Love Tips from a Divorcée: Lesson 3: Play It Cool, Motherfuckers

Very little of my adult life has been spent in the dating world. My MO has been to hurl myself from one relationship to the next, leap frog style. Here’s a breakdown of my relationship status over the past 15 years.

Relationship Status 15 Years

Footnote: Long distance relationships get their own special category because it’s kind of like being single but with an emotional security blanket.

Trust me, therapists have a field day with that diagram. Let’s examine why you can’t be alone, Sarah. Are you afraid that if no one is around to witness your life and compliment your hair, you’ll cease to exist? It would explain the blog.

Due to my inexperience with dating, my advice series thus far has focused on the relationship side of love. The relationship books I’ve read do the same, glossing over the messy business of courtship in favor of the messy business of partnership. The attitude seems to be that people are pathologically drawn to each other against their will, so let’s focus on helping them not destroy themselves when it happens.

There is, however, one piece of dating advice I do have: Play it cool, motherfuckers. Play. It. Cool. From the little I’ve seen, people seem to screw it up by being overly anxious in the beginning and appearing desperate. Or they swing too far the other way, too freaked out to even approach their love interest. Common denominator = not playing it cool.

There is a tiny element of nuance to this rather obvious advice, so hear me out. Playing it cools means communicating the following two things to that maybe-special someone in your life:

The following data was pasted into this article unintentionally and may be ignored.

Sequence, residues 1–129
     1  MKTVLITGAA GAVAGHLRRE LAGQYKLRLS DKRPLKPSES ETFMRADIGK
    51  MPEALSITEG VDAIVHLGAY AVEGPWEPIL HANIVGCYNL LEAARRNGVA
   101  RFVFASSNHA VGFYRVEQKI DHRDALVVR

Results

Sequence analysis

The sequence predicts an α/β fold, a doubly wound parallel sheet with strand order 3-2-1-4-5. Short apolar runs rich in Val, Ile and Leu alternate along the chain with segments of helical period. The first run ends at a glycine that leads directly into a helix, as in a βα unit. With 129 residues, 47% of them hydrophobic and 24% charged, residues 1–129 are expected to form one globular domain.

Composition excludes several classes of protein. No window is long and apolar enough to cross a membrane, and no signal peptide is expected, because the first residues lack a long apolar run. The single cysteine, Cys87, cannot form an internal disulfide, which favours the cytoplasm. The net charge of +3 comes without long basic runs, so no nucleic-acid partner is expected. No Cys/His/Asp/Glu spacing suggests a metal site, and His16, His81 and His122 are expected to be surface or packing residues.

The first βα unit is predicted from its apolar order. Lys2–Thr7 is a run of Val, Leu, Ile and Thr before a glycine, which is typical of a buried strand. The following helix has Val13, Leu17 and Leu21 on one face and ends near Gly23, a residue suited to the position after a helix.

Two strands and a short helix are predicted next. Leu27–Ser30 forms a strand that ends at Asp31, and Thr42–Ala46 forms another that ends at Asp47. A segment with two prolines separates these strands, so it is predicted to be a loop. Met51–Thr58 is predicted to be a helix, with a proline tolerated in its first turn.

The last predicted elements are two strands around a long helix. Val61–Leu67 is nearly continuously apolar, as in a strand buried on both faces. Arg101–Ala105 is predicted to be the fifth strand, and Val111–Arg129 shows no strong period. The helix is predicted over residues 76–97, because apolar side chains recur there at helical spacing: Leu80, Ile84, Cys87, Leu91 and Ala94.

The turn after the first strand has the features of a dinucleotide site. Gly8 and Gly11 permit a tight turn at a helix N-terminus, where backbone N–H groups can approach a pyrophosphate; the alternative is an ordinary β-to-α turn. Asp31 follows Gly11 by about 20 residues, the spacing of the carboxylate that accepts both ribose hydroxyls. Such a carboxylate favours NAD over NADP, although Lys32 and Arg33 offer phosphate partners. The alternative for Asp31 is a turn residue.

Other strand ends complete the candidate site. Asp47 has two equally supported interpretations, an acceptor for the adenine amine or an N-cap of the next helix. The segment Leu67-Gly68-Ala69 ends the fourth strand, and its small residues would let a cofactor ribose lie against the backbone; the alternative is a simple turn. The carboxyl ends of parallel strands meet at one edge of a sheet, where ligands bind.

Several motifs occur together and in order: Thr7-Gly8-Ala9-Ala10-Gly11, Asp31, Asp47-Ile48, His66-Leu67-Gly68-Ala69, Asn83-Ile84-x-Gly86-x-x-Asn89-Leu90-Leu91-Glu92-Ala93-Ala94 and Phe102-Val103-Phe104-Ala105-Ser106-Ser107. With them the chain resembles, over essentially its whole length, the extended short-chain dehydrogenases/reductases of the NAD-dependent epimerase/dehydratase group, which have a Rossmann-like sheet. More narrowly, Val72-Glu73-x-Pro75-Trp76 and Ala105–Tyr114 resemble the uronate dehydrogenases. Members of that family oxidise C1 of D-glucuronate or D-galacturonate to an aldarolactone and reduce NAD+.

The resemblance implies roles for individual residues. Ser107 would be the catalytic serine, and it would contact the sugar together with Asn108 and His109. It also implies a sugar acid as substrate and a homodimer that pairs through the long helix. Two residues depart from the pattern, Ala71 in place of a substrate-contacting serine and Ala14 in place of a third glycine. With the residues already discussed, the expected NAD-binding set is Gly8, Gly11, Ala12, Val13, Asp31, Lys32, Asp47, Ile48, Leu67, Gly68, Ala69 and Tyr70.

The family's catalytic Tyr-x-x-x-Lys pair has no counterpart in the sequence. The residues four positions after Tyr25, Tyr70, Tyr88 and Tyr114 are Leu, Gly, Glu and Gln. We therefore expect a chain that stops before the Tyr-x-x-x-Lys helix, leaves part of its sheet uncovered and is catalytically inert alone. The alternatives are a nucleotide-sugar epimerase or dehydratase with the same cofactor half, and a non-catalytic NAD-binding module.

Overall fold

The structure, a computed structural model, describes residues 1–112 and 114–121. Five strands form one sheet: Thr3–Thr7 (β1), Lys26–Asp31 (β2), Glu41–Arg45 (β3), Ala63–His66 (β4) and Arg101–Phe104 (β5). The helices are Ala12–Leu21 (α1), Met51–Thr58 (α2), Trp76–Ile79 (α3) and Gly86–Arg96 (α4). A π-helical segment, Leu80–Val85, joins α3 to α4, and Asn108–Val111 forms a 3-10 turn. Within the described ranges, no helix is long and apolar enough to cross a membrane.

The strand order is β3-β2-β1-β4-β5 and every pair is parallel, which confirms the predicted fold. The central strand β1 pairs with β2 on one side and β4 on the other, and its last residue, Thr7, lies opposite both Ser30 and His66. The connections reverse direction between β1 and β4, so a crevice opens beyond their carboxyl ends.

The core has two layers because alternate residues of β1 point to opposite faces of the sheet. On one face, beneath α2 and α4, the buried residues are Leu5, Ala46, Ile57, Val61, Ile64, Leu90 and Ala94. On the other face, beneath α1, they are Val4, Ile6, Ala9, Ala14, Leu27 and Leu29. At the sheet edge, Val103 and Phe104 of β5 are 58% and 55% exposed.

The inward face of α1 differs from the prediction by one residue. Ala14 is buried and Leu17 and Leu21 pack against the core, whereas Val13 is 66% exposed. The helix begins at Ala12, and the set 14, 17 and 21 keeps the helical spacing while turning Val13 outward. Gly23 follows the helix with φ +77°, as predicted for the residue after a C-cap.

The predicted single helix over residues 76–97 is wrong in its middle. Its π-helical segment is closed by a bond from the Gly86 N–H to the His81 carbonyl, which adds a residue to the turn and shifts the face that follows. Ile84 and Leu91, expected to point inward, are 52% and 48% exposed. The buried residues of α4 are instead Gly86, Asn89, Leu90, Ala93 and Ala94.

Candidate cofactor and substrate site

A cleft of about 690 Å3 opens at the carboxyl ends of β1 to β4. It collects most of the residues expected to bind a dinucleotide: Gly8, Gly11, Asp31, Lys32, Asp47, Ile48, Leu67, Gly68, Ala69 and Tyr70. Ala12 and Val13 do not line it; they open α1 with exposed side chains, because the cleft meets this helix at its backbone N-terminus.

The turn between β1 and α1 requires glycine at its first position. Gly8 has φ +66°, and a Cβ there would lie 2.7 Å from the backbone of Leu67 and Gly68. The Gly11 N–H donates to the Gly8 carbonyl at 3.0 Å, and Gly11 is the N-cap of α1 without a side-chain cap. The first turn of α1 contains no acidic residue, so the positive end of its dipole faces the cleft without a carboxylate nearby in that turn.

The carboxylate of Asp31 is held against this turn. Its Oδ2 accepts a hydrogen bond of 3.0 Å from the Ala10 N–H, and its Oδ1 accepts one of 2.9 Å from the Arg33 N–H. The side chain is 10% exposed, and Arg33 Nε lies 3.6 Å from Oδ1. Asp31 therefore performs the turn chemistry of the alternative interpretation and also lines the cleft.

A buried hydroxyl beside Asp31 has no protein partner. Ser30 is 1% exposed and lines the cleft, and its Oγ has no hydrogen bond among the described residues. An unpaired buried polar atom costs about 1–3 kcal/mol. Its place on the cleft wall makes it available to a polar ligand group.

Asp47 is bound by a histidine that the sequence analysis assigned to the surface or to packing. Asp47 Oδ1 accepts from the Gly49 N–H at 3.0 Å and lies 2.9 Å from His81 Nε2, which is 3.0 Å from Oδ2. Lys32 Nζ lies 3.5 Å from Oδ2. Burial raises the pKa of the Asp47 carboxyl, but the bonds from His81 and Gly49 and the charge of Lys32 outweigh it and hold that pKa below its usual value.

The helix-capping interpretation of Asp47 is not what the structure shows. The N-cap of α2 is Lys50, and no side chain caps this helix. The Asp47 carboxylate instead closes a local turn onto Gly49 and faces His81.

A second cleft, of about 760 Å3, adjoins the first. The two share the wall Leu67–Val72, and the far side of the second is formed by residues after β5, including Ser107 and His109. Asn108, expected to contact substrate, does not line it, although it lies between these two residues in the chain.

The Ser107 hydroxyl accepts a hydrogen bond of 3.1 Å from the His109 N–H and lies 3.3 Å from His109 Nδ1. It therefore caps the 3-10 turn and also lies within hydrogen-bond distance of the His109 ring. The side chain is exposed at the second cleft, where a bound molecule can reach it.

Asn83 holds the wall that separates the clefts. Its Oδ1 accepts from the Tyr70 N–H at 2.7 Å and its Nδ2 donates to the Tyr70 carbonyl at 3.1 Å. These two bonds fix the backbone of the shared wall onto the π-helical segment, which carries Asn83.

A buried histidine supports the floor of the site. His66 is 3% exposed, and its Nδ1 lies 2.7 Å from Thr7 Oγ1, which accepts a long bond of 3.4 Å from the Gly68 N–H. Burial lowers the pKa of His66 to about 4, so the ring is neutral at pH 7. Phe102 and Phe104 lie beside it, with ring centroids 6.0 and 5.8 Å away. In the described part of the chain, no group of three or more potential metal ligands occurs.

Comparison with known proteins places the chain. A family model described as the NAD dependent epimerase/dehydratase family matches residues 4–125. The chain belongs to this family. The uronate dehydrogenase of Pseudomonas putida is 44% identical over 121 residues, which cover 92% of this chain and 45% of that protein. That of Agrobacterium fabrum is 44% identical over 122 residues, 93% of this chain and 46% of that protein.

1. I really like you and think you’re neat.

2. I’ll be 100% A-OK if nothing pans out between the two of us.

For those of you who have a hard time with words, here’s an example you can follow, free of charge:

Pick Up Quote

Taking this advice isn’t as easy as it appears. There are two major pitfalls to avoid.

Pitfall 1: Don’t be an Asshole

First, you’ve gotta learn the art of playing it cool without being a jerk. A lot of people who play it cool overdo the second part of the equation. Instead of conveying that they’d be fine on their own, they communicate that they don’t give a shit about you. They make plans and then flake last minute. They shower you with attention, ignore you, and then just as you’re about to split, they shower you with attention again (and repeat). They play on your jealousy by flirting with or talking about other pretty ladies/handsome men. Basically, they play those agonizing dating games that make singles everywhere conclude that dating is the worst part of the human condition, just above dying.

Human Condition

Because most of us are insecure dimwits, these games are alarmingly effective. Even so, I’m not recommending them because a) side effects include being the object of resentment and bad karma; and b) it’s asshole behavior and we are already up to our eyeballs in assholery in this world.

So, don’t forget about part 1 of the equation. Let your maybe-special someone know that, although you’re just getting to know them, so far you think they’re the cat’s meow.